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Consumer And Other Acts Miscellaneous Amendments Bill 2020


'Everybody who rents their homes should be able to trust that they are habitable, that they have working toilets and bathrooms, hot water, a functioning stove and other basic facilities.'

Dr READ (Brunswick): I rise to speak on the Consumer and Other Acts Miscellaneous Amendments Bill 2020, which makes a range of amendments to our consumer affairs legislation. I want to focus today on the amendments in the gambling and residential tenancies spaces. The bill makes changes to the keno and the wagering and betting licensing system. I understand from the government that these provisions are about modernising these systems and about reducing red tape, but whenever we cut red tape from a regulatory system we have to be careful that we are not removing the protections and safeguards that are also an essential part of the system, especially for harmful industries like the gambling industry and especially for industries that this government continues to favour with special treatment.

We saw it a few weeks ago when the government attempted to grant special rules for the Cox Plate and allow racehorse owners to attend the race despite the fact that the rest of Melbourne was still prohibited from gathering in groups. The community backlash against that announcement was swift and decisive, and the government rightfully reversed its decision just hours later. But it was a clear indication of how much this government depends on gambling revenue and how much sway the gambling lobby continues to hold over the government. It seems like we have one set of rules for the gambling industry and another set of rules for everyone else.

We have seen the gambling industry continue to exploit Victorians during the COVID-19 crisis, even when in-person gaming venues were closed. During the pandemic we have seen a spike in online gambling and a rise in sports betting, including on horseracing and greyhound racing. Tabcorp, the holder of the wagering and betting licence in Victoria, saw digital wagering turnover grow to $7.1 billion in the last financial year.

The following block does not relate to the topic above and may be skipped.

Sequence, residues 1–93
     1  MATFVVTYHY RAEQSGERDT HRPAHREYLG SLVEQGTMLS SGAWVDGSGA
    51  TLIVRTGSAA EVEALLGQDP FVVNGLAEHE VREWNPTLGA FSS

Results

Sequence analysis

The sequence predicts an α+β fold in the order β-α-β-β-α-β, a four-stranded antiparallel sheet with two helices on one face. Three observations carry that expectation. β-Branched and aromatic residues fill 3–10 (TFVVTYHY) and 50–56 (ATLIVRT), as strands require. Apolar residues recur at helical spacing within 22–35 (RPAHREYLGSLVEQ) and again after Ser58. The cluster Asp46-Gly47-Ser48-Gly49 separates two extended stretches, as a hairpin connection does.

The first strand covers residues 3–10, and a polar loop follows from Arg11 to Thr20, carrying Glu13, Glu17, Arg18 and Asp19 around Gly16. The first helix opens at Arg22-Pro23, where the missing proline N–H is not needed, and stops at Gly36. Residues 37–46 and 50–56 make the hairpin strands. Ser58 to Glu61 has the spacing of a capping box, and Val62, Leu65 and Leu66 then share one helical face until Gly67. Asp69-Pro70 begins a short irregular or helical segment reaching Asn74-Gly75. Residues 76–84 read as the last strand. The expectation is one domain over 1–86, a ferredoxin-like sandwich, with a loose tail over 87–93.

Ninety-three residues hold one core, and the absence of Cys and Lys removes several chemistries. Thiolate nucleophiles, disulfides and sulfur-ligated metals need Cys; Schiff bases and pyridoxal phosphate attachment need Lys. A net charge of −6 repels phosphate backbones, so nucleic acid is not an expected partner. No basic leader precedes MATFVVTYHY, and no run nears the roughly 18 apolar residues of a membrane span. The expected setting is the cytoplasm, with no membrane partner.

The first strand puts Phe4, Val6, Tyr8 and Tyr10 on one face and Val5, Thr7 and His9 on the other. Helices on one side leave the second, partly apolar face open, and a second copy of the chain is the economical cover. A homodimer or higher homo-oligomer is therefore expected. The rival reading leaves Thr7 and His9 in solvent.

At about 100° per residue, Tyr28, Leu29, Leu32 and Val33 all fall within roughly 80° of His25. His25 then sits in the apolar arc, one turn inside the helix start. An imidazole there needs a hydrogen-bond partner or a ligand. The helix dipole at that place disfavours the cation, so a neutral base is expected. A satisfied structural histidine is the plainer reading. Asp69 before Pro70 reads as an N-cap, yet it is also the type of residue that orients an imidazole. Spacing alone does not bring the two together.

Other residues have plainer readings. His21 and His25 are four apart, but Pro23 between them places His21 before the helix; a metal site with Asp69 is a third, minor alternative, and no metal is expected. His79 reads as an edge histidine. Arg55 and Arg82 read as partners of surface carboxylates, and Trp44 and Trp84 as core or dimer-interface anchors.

I would also like to touch on the reopening of pokies venues this week in Victoria. While it is good to see community venues reopening and providing a space for people to gather and socialise, too many of our clubs are reliant on revenue from pokies. It would be terrible if reopening our social venues coincided with a big jump in pokies losses, similar to the experience in other states. In New South Wales and Queensland pokies losses have increased since the venues reopened compared to this time last year. Queensland in particular saw a massive 32 per cent increase in losses compared to the same months last year. In a year where we have successfully tackled one public health crisis, it is irresponsible to turn a blind eye to another, because problem gambling is also a public health issue and pokies are the most harmful form of gambling. We need to see stronger harm minimisation provisions in place for our pokies industry, like $1 bet limits, load-up and jackpot limits and restrictions on opening hours. We also need to see more support for those clubs who want to transition out of the pokies industry and into new forms of revenue.

The Greens are also disappointed, but not surprised, that Crown Casino has been given the green light to reopen this week despite continued evidence about Crown’s illegal conduct. In New South Wales the inquiry has heard evidence that suggests that Crown is no longer fit to hold a casino licence, yet in Victoria the casino is opening its doors once again despite the fact that the Victorian Commission for Gambling and Liquor Regulation’s inquiry into the casino is still ongoing.

To turn to the residential tenancies provisions, the bill is amending the Residential Tenancies Act 1997 to allow for the new minimum standards to require compliance with an industry or a statutory standard. Minimum standards was a reform the Greens called for for many years, and we are pleased that it has been finally introduced into the 2018 overhaul of our Residential Tenancies Act. Everybody who rents their homes should be able to trust that they are habitable, that they have working toilets and bathrooms, hot water, a functioning stove and other basic facilities. While not set in the legislation, the new Residential Tenancies Act will give the minister the ability to set minimum standards through regulation, and we are pleased that this amendment specifically mentions energy and water efficiency standards as an industry standard that may be prescribed. We know we need to do more to futureproof our homes and ensure that they are easy and affordable to keep warm in the winter and cooler in the summer, and the Greens have been calling for the new minimum standards to also cover measures like weather sealing, ceiling insulation, basic standards for hot-water systems and heaters, energy-saving lighting and similar energy efficiency measures, but this is a start and it has our support.

 

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Dr Tim Read
Greens MP for Brunswick
17 November 2020
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